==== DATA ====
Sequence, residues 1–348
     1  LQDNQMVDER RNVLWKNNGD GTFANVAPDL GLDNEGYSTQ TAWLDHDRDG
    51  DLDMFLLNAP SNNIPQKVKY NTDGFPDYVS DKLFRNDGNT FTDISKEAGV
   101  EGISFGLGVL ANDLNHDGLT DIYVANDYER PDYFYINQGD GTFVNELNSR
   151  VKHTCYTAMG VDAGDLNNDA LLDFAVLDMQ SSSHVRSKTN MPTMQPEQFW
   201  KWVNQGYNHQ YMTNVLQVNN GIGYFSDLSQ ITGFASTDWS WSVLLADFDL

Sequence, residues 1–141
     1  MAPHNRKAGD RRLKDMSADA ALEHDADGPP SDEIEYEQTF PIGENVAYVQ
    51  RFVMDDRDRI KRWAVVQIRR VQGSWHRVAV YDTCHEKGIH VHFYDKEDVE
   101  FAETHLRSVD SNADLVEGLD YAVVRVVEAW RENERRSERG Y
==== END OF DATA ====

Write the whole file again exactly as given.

Sequence, residues 1–348
     1  LQDNQMVDER RNVLWKNNGD GTFANVAPDL GLDNEGYSTQ TAWLDHDRDG
    51  DLDMFLLNAP SNNIPQKVKY NTDGFPDYVS DKLFRNDGNT FTDISKEAGV
   101  EGISFGLGVL ANDLNHDGLT DIYVANDYER PDYFYINQGD GTFVNELNSR
   151  VKHTCYTAMG VDAGDLNNDA LLDFAVLDMQ SSSHVRSKTN MPTMQPEQFW
   201  KWVNQGYNHQ YMTNVLQVNN GIGYFSDLSQ ITGFASTDWS WSVLLADFDL

Sequence, residues 1–141
     1  MAPHNRKAGD RRLKDMSADA ALEHDADGPP SDEIEYEQTF PIGENVAYVQ
    51  RFVMDDRDRI KRWAVVQIRR VQGSWHRVAV YDTCHEKGIH VHFYDKEDVE
   101  FAETHLRSVD SNADLVEGLD YAVVRVVEAW RENERRSERG Y